By Sam Wildow
PIQUA — The Miami County YMCA’s capital campaign for a new building for its Piqua branch recently surpassed the 75% mark of its $15 million funding goal.
“We eclipsed our 75% mark on our campaign goal,” Miami County YMCA Executive Director Jim McMaken said. “We’re at $11.5 million, so that’s a nice milestone. We’re not done yet, we have some leg work to do, but the closer we continue to get to that goal, the more excited we become.”
The main portion of the current Piqua Branch of the Miami County YMCA was constructed in 1963, and it replaced a building that had been on that corner since 1892. The current building was also expanded in 1977.
The Miami County YMCA kicked off this capital campaign at the same time it demolished the three buildings across the street from its current location at 223 W. High St. in Piqua, where the new Piqua Branch will go.
“When we demolished the buildings, that was really our first public visual this thing is moving forward,” McMaken said.
The Miami County YMCA is planning on breaking ground at that location before the end of the year, Board President Elizabeth Gutmann said.
The cost of the new Piqua branch is expected to total $13 million. Once the new facility is constructed, which is expected to be complete by spring 2023, the current building will be demolished and replaced with a parking lot. The cost of that portion of the project is expected to be approximately $2 million.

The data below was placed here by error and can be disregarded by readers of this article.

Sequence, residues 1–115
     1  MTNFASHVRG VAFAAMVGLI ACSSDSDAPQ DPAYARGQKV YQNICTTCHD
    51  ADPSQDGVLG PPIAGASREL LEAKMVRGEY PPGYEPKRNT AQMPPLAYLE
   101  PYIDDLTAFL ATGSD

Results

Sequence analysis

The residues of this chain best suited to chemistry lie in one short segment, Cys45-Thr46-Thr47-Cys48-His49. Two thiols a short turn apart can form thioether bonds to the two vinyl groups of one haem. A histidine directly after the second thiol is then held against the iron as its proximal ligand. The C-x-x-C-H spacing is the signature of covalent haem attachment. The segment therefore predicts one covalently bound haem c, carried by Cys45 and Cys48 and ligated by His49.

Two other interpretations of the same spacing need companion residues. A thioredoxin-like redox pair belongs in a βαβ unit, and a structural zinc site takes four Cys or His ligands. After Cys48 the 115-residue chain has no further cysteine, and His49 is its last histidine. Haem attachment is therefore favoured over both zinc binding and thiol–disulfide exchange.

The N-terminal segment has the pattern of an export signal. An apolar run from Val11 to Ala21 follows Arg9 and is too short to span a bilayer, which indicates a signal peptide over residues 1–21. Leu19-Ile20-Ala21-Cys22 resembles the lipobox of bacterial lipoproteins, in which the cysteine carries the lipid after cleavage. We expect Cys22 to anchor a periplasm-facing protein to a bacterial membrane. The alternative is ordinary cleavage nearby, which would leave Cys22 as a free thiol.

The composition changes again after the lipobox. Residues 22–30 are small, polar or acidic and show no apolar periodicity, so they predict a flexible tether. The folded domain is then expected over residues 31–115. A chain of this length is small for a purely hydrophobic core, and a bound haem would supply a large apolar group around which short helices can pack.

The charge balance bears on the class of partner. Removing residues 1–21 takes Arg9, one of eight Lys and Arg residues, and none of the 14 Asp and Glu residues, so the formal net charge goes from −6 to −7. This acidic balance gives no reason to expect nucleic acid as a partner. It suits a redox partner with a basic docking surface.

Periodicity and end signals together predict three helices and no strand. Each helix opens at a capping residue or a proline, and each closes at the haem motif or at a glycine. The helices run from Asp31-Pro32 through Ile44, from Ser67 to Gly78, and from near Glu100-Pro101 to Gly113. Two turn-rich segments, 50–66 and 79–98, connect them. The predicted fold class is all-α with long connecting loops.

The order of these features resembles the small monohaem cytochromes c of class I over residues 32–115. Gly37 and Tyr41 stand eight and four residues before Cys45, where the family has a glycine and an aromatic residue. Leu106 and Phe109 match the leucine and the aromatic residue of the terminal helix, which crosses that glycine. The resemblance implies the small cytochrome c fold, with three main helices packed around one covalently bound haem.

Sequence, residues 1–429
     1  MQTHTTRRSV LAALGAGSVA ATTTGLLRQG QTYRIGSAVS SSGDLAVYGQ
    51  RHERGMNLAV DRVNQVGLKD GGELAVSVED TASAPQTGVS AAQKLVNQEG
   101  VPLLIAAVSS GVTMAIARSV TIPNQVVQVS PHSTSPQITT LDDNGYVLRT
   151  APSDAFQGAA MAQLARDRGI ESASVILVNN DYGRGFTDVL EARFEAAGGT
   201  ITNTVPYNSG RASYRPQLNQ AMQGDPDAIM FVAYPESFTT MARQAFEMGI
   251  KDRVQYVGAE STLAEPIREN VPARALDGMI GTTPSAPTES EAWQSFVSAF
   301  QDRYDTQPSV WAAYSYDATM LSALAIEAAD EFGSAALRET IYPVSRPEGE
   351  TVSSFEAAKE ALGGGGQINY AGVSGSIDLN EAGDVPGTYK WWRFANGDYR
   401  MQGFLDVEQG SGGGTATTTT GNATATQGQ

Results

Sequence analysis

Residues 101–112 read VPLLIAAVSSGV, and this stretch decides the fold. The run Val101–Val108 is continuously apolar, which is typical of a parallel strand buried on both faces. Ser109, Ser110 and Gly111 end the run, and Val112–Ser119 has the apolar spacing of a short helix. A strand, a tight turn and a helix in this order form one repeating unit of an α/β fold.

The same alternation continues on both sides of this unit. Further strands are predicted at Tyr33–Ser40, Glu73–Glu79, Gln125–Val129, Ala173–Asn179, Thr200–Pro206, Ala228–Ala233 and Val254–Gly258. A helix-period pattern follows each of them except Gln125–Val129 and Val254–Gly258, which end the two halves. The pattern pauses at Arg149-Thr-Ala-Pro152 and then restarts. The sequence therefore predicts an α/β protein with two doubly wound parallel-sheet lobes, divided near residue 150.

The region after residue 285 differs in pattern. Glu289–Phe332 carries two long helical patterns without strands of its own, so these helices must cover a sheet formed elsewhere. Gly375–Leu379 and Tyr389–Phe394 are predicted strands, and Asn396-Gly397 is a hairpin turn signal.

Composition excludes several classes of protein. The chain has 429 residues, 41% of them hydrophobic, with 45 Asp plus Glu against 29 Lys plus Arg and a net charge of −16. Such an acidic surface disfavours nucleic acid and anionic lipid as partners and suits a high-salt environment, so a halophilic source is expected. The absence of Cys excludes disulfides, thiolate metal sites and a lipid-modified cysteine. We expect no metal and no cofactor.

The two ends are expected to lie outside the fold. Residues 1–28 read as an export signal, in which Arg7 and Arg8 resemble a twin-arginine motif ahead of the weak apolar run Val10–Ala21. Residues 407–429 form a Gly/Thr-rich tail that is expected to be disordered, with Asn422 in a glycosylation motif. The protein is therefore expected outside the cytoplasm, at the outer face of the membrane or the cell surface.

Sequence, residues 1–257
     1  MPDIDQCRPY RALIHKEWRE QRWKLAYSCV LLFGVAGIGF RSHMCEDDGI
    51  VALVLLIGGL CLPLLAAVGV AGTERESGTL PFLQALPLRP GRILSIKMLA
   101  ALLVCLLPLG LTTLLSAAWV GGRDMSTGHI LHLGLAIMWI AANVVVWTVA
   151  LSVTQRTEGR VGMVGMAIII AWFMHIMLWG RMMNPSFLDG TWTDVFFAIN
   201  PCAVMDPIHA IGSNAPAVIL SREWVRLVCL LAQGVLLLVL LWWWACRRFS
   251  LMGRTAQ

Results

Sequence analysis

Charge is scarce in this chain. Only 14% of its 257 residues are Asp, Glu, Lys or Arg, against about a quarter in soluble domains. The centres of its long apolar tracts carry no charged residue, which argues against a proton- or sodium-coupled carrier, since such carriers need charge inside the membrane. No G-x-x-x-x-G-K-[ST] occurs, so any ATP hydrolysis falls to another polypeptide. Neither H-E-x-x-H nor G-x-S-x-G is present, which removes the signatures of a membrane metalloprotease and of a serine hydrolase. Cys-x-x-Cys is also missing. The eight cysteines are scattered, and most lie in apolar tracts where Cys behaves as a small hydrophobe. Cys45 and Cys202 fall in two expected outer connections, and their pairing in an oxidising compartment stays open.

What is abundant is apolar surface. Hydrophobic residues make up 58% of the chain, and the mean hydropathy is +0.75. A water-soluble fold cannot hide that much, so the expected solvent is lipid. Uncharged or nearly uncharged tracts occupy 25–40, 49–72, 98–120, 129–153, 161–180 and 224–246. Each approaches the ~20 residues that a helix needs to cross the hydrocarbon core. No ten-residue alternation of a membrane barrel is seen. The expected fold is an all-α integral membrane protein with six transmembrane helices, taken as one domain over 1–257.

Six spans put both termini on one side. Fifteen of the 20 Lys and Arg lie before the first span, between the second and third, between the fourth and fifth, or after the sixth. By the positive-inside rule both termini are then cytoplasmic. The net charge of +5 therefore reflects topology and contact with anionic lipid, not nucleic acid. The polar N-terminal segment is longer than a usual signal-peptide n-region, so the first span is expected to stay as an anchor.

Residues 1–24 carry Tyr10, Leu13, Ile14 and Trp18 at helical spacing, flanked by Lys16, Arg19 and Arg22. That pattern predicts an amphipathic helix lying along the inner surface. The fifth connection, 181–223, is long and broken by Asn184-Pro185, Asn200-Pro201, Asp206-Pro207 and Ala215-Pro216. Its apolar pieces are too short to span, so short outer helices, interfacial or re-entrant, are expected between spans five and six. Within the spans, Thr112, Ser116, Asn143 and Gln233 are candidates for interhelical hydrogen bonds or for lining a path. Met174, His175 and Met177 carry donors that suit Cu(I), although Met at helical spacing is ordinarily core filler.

“We’ve had such great support,” Gutmann said about the project. “It’s a lot of work, but it’s been really positive because of how much support there is for the Miami County YMCA and locally for this branch.”
Campaign Chairman Steve Staley echoed similar comments about how the capital campaign team appreciates the response the Miami County YMCA has gotten for this new branch.
“It’s heartwarming,” Staley said. “To the see the community and the city step up and be so enthusiastic with the support, it’s overwhelming.”
The capital campaign team also complimented the work its volunteers have done. Staley said the group of volunteers they have had helped make this campaign a success, also commending McMaken for his dedication to both the project and the day-to-day operations of the Miami County YMCA.
The team also commended Staley for his work as the chairman and his commitment to Piqua, where Staley has lived his whole life.
“He’s been an amazing chairman,” Gutmann said, adding that Staley understands the importance of the YMCA and the campaign.
Margaret French, chairperson of the Advance Leadership and Major Gift Division of the capital campaign, said she was asked to join the capital campaign after some of the early work to the campaign had been done.
“I have just been incredibly impressed and gratified by the quality of the work that was done in the first place and then the follow-up and the commitment by volunteers since the project was started,” French said. “It’s such a testament to the integrity of the Y.